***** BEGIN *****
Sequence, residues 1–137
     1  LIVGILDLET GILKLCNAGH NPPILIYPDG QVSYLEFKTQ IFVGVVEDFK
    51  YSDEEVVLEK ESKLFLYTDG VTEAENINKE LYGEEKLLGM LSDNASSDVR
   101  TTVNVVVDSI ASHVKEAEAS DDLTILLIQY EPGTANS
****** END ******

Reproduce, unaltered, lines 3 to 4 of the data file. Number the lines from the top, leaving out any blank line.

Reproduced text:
    51  YSDEEVVLEK ESKLFLYTDG VTEAENINKE LYGEEKLLGM LSDNASSDVR
   101  TTVNVVVDSI ASHVKEAEAS DDLTILLIQY EPGTANS